In Dana-Farber Cancer Institute, Inc. v. Ono Pharmaceutical Co. Ltd, the Federal Circuit held that two scientists, Dr. Gordon Freeman and Dr. Clive Wood, should be included as joint inventors, along with Dr. Tasuku Honjo for patents related to immunotherapy for treating cancer. Identifying foundational discoveries underlying a patent claim could be considered a significant contribution that may rise to the level of inventorship even though the claims do not recite such discoveries. The decision clarifies inventorship rules in the context of pioneering therapeutic work, and suggests that no necessary contribution can be ignored in the inventorship analysis, even if the contribution was independently published before the application for patent.

Dr. Honjo discovered PD-1, a protein expressed on the surface of T-cells, in the early 1990s and was awarded the Nobel Prize in Physiology or Medicine 2018 for this work. The claims of the patents at issue recite using antibodies that target either the PD-1 receptor or its PD-L1 ligand, thereby blocking the receptor-ligand interaction and stimulating an immune response against tumor cells. By the late 1990s, Dr. Honjo, Dr. Freeman, and Dr. Wood had begun working together to study the PD-1/PD-L1 pathway. By 2001, the sharing of information between them had ended.

The United States District Court for the District of Massachusetts found the following as “significant” contributions to the conception of the patents at issue:

  • Freeman and Wood discovered the PD-L1 ligand;
  • Wood discovered that PD-1/PD-L1 binding inhibits the immune response;
  • Freeman and Wood discovered anti-PD-1 and anti-PD-L1 antibodies can block the pathway’s inhibitory signal; and
  • Freeman experimentally confirmed PD-L1 expression in tumors.

Thus, the district court concluded that Drs. Freeman and Wood should be added as inventors. Ono Pharmaceutical Co., its licensee Bristol-Myers Squibb Co., and Dr. Honjo (collectively, “Ono”) appealed.

The Federal Circuit stated that a joint inventor must “contribute in some significant manner” but “need not contribute to all aspects of a conception.” Moreover, “[i]nventorship of a complex invention may depend on partial contributions to conception over time.” The court further noted that “publication of a portion of a complex invention does not necessarily defeat joint inventorship” but cautioned that an earlier publication could be a hazard to patentability.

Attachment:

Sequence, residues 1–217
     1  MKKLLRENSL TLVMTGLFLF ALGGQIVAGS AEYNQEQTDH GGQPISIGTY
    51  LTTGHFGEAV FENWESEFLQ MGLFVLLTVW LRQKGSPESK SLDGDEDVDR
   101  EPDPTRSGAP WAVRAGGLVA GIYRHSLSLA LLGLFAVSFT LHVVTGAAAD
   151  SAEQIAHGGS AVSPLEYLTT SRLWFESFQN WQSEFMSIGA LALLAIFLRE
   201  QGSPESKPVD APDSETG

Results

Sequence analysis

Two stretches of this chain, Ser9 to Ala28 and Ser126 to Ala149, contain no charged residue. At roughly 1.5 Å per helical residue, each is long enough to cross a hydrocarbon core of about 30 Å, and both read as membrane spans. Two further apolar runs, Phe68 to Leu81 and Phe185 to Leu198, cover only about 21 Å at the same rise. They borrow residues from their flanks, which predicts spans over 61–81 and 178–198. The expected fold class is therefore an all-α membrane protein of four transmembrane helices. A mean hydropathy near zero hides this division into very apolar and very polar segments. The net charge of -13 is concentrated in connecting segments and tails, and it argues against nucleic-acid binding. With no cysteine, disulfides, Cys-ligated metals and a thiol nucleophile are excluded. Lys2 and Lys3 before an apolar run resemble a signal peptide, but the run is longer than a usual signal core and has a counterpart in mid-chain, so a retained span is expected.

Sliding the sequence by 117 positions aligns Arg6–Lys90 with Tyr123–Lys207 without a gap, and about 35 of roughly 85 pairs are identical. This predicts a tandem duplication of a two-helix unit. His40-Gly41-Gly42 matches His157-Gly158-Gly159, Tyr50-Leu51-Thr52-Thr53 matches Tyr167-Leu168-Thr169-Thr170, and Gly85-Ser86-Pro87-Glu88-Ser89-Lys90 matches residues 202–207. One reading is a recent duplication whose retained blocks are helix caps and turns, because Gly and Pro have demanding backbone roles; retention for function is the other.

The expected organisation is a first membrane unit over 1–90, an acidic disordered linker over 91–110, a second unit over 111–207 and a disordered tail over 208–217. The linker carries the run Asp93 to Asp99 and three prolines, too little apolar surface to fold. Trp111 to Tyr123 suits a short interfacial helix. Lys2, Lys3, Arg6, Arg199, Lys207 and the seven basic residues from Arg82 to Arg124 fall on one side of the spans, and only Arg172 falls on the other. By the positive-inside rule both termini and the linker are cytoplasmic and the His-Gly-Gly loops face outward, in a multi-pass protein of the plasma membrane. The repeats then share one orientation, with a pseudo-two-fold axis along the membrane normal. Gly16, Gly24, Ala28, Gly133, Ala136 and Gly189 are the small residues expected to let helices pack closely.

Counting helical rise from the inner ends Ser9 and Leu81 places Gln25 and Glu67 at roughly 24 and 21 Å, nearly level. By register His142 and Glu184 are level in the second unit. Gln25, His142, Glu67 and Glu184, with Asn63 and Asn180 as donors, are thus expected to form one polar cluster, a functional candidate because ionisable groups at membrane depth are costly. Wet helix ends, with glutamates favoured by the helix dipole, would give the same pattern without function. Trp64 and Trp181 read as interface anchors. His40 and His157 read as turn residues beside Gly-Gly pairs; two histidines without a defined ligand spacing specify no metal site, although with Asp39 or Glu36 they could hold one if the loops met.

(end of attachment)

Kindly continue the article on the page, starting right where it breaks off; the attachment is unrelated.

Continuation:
Despite that the claims of one patent at issue were directed to using anti PD-1 antibodies and did not recite the PD-L1 ligand, the Federal Circuit agreed with the district court’s finding that “knowing the structure and function of PD-L1 was essential to all the claimed inventions.” The court reasoned that, “[u]nless one also knows that the PD-1 receptor binds to at least one ligand . . . such as PD-L1, there would be no reason to use anti-PD-1 antibodies.” Thus, the claims “need not explicitly recite PD-L1 for research on PD-L1 to have a significant contribution to conception of the invention.” Each of the remaining patents at issue recited using anti-PD-1 or anti-PD-L1 antibodies, and the court maintained that the “discovery of PD-1 in a vacuum was insufficient for conception.” Thus, the Federal Circuit concluded that “Drs. Freeman and Wood’s work linking PD-1 to its ligand and expression in tumors was a significant contribution to each of these patents’ conception” and affirmed the district court’s holding. Thus, a claim to a method of treatment may invoke inventorship for those who discovered the mechanism by which the treatment has an effect.

Inventorship continues to be a highly factually-dependent analysis. In the pharmaceutical development context, this case indicates that validating a new, and complex, target and connecting that target to a use could be significant contributions that may give rise to inventorship. Prudent record maintenance during the course of the research also could be critical evidence to demonstrate a contribution, particularly where research develops over time. Additionally, innovators should be cautioned that carefully drafted research agreements should be in place before any collaboration begins.

The Dana-Farber Cancer Institute, Inc. v. Ono Pharmaceutical Co. Ltd., Fed. Cir. 19-2050 (July 14, 2020) opinion can be found here.